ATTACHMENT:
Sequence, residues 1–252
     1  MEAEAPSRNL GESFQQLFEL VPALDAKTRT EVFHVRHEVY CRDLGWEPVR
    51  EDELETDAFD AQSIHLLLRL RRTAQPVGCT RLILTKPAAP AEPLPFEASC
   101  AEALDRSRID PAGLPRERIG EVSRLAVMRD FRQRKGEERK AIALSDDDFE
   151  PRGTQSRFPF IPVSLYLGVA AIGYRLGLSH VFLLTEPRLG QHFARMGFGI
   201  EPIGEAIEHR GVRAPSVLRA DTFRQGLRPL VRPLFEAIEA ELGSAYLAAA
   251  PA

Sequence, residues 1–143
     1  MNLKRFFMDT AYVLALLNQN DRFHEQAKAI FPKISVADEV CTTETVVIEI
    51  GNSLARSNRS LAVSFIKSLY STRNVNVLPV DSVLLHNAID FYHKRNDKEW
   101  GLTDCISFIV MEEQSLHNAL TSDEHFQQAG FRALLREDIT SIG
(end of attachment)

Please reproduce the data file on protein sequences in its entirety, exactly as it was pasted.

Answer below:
Sequence, residues 1–252
     1  MEAEAPSRNL GESFQQLFEL VPALDAKTRT EVFHVRHEVY CRDLGWEPVR
    51  EDELETDAFD AQSIHLLLRL RRTAQPVGCT RLILTKPAAP AEPLPFEASC
   101  AEALDRSRID PAGLPRERIG EVSRLAVMRD FRQRKGEERK AIALSDDDFE
   151  PRGTQSRFPF IPVSLYLGVA AIGYRLGLSH VFLLTEPRLG QHFARMGFGI
   201  EPIGEAIEHR GVRAPSVLRA DTFRQGLRPL VRPLFEAIEA ELGSAYLAAA
   251  PA

Sequence, residues 1–143
     1  MNLKRFFMDT AYVLALLNQN DRFHEQAKAI FPKISVADEV CTTETVVIEI
    51  GNSLARSNRS LAVSFIKSLY STRNVNVLPV DSVLLHNAID FYHKRNDKEW
   101  GLTDCISFIV MEEQSLHNAL TSDEHFQQAG FRALLREDIT SIG